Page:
WHAT KINDS OF BETS ARE THERE?
The simplest bet is a win bet. In those, you only make money if your horse comes first.
You can also bet on a horse to ‘place’ – that means if they finish in the top three, you win, but at smaller odds than with the win bet.
Then you can get exotic. There are quinellas (first two in any order), exactas (first two in order), trifectas (first three in any order) and first fours (first… you can probably guess this one).
In 2019, the dividends for those bet types were as follows: The quinella paid $82.40, the exacta paid $175, the trifecta paid $2,953.40 and the first four paid $79,381.40.
Of course, those numbers also reflect how difficult it is to tip them, so don’t expect to just randomly win $80k.
SO… GOT A TIP FOR WHO’LL WIN?
The fast one.
NO, SERIOUSLY. HELP PLEASE
Look, I’m not going to tell you who to pick.
Here are the horses involved though, with the number they’ll be wearing during the race, their barrier (barrier 18 has never won; barrier five has won eight times), their jockey and the weight they’ll be carrying.
The latter is important because it’s a handicap race; the horses seen to be in the best form are given extra weight to punish them. Horses at 54.5 kilograms have won the most times, eight, followed by 52.5 and 53 with seven wins – so maybe just pick a name from the middle of this list?
FINAL FIELD (trainer, jockey, weight) with barriers
1. ANTHONY VAN DYCK (IRE), Aidan O’Brien, Hugh Bowman, 58.5kg – barrier 3
2. AVILIUS (GB), James Cummings, John Allen, 57kg – barrier 10
3. VOW AND DECLARE, Danny O’Brien, Jamie Mott, 57kg – barrier 4
4. MASTER OF REALITY (IRE), Joseph O’Brien, Ben Melham, 56kg – barrier 11
5. SIR DRAGONET (IRE), Ciaron Maher & David Eustace, Glen Boss, 55.5kg barrier 14
6. TWILIGHT PAYMENT (IRE), Joseph O’Brien, Jye McNeill, 55.5kg – barrier 12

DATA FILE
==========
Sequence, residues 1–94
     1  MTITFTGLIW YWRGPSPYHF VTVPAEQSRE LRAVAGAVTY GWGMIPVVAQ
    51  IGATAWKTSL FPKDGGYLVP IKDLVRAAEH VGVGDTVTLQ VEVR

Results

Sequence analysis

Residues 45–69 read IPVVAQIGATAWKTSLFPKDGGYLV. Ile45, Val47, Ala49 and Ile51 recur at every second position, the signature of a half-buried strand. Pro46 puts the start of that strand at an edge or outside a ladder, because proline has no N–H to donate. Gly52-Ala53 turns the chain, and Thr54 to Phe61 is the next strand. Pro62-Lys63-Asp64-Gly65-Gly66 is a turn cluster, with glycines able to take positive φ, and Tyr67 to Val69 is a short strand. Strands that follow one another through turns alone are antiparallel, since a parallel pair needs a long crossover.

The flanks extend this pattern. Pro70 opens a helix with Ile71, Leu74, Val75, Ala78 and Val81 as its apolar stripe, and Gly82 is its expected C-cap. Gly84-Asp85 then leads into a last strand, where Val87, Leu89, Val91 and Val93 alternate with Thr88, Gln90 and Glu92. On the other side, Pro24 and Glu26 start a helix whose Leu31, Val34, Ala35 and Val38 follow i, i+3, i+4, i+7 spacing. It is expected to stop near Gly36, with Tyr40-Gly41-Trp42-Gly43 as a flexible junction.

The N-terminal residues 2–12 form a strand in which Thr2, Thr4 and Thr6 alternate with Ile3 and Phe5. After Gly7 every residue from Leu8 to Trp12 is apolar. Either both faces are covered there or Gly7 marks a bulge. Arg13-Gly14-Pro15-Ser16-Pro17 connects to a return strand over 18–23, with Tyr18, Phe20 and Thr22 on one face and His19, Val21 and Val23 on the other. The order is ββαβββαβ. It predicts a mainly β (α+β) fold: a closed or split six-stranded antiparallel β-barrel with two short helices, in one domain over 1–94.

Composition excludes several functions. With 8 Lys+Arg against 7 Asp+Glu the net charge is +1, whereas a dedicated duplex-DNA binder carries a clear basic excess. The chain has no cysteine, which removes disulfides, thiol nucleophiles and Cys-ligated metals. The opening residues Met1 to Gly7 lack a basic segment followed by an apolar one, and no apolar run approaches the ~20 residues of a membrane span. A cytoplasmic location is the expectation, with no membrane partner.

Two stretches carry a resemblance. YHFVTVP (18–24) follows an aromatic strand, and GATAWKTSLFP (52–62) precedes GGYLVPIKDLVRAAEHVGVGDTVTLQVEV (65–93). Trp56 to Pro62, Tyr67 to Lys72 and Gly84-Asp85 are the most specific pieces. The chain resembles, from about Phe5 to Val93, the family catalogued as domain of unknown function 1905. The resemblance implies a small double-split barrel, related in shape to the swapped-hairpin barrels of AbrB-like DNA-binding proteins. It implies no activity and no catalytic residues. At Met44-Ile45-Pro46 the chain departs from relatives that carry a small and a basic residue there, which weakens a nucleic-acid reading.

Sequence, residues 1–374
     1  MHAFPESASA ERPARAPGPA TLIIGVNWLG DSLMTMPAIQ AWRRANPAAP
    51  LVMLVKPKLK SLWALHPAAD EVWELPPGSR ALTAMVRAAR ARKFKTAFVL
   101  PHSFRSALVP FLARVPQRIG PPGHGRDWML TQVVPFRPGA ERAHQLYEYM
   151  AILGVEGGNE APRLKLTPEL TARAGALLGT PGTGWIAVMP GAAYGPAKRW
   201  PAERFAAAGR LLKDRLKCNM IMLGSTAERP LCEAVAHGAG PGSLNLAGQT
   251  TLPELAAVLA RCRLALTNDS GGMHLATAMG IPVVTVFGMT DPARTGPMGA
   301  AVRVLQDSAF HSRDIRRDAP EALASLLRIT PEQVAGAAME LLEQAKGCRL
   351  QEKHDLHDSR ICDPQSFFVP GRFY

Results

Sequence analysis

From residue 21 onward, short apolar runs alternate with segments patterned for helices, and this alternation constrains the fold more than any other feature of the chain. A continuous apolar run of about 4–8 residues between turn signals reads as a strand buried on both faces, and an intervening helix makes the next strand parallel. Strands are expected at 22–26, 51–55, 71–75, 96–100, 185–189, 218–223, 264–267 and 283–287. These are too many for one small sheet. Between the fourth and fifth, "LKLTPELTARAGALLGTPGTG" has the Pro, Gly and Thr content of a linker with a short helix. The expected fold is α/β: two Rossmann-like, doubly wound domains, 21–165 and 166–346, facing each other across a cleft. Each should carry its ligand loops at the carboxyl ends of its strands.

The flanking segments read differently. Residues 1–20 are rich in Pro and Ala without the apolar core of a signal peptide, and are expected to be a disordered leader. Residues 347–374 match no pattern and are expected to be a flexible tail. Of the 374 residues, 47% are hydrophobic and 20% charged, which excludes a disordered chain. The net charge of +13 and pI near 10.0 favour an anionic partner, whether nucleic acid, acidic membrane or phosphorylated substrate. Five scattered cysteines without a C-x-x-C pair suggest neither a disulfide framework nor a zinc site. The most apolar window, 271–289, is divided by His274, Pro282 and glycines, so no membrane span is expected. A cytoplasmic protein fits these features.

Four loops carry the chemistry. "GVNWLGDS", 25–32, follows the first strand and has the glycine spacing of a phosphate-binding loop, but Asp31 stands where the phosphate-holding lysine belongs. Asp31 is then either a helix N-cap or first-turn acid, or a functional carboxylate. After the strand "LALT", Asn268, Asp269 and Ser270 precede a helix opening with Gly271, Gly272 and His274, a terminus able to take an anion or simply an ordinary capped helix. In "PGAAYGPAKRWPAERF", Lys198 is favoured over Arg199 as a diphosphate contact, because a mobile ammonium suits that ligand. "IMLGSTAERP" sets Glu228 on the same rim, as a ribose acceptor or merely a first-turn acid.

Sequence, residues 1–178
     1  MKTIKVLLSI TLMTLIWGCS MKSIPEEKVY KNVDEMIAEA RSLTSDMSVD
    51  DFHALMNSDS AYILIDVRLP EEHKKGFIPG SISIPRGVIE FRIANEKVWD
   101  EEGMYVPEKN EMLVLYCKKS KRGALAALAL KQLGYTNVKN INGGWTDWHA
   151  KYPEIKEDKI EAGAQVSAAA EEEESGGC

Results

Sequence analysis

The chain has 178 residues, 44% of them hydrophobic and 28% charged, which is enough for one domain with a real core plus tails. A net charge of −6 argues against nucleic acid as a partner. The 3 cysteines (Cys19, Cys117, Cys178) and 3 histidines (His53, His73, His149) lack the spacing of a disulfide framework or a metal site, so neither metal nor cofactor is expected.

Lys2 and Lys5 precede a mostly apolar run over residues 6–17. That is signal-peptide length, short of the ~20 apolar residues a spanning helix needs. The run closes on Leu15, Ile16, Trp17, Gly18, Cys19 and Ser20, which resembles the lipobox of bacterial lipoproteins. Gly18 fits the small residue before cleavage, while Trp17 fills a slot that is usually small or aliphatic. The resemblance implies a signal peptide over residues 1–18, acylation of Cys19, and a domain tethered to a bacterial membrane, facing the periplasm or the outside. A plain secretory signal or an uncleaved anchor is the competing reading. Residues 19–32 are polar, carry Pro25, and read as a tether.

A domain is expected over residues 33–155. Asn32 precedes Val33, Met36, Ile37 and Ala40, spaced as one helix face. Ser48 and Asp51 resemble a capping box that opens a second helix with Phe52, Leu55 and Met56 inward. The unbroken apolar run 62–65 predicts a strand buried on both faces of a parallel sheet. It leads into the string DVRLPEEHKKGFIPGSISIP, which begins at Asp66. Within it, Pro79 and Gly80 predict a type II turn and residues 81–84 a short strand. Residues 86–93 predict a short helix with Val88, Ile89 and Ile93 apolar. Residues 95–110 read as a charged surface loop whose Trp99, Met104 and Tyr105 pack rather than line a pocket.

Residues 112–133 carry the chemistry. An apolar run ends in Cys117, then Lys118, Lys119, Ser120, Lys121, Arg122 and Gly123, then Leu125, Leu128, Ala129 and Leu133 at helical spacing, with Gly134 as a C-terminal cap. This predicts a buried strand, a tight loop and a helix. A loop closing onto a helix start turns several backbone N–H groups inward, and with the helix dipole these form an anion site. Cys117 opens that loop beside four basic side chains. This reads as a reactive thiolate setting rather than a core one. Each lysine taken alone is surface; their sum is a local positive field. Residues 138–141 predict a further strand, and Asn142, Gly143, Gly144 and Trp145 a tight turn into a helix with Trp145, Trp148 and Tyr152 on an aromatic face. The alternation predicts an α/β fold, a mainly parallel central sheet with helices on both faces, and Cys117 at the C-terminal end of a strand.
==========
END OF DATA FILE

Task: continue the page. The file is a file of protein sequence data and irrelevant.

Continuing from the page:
7. VERRY ELLEEGANT (NZ), Chris Waller, Mark Zahra, 55.5kg – barrier 15
8. MUSTAJEER (GB), Kris Lees, Michael Rodd, 55kg – barrier 2
9. STRATUM ALBION (GB), Willie Mullins, Jordon Childs, 55kg – barrier 9
10. DASHING WILLOUGHBY (GB), Andrew Balding, Michael Walker, 54.5kg – barrier 19
11. FINCHE (GB), Chris Waller, James McDonald, 54.5kg – barrier 6
12. PRINCE OF ARRAN (GB), Charlie Fellowes, Jamie Kah, 54.5kg – barrier 1
13. SURPRISE BABY (NZ), Paul Preusker, Craig Williams, 54.5kg – barrier 7
14. KING OF LEOGRANCE (FR), Danny O’Brien, Damian Lane, 53.5kg – barrier 18
15. RUSSIAN CAMELOT (IRE), Danny O’Brien, Damien Oliver, 53.5kg – barrier 16
16. STEEL PRINCE (IRE), Anthony & Sam Freedman, William Pike, 53.5kg – barrier 21
17. THE CHOSEN ONE (NZ), Murray Baker & Andrew Forsman, Daniel Stackhouse, 53.5kg – barrier 5
18. ASHRUN (FR), Andreas Wohler, Declan Bates, 53kg – barrier 24
19. WARNING, Anthony & Sam Freedman, Luke Currie, 53kg – barrier 8
20. ETAH JAMES (NZ), Ciaron Maher & David Eustace, Billy Egan, 52.5kg – barrier 22
21. TIGER MOTH (IRE), Aidan O’Brien, Kerrin McEvoy, 52.5kg – barrier 23
22. OCEANEX (NZ), Mick Price & Michael Kent (jnr), Dean Yendall 51.5kg – barrier 17
23 MIAMI BOUND (NZ), Danny O’Brien, Daniel Moor, 51kg – barrier 13
24. PERSAN, Ciaron Maher & David Eustace, Michael Dee, 51kg – barrier 20